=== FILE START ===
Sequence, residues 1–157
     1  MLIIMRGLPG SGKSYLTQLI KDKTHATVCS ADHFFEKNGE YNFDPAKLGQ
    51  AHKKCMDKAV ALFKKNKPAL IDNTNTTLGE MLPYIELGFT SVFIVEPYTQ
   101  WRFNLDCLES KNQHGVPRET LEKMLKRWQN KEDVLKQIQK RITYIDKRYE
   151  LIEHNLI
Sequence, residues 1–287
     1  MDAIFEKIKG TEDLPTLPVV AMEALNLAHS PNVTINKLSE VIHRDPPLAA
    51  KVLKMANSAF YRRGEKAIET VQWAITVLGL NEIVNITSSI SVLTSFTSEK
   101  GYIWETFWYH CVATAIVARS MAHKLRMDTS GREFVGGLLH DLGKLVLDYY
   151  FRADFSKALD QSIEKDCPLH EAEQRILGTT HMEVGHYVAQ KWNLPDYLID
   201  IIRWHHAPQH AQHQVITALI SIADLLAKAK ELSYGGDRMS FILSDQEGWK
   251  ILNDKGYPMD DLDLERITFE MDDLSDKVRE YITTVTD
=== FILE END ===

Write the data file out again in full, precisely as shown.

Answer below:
Sequence, residues 1–157
     1  MLIIMRGLPG SGKSYLTQLI KDKTHATVCS ADHFFEKNGE YNFDPAKLGQ
    51  AHKKCMDKAV ALFKKNKPAL IDNTNTTLGE MLPYIELGFT SVFIVEPYTQ
   101  WRFNLDCLES KNQHGVPRET LEKMLKRWQN KEDVLKQIQK RITYIDKRYE
   151  LIEHNLI
Sequence, residues 1–287
     1  MDAIFEKIKG TEDLPTLPVV AMEALNLAHS PNVTINKLSE VIHRDPPLAA
    51  KVLKMANSAF YRRGEKAIET VQWAITVLGL NEIVNITSSI SVLTSFTSEK
   101  GYIWETFWYH CVATAIVARS MAHKLRMDTS GREFVGGLLH DLGKLVLDYY
   151  FRADFSKALD QSIEKDCPLH EAEQRILGTT HMEVGHYVAQ KWNLPDYLID
   201  IIRWHHAPQH AQHQVITALI SIADLLAKAK ELSYGGDRMS FILSDQEGWK
   251  ILNDKGYPMD DLDLERITFE MDDLSDKVRE YITTVTD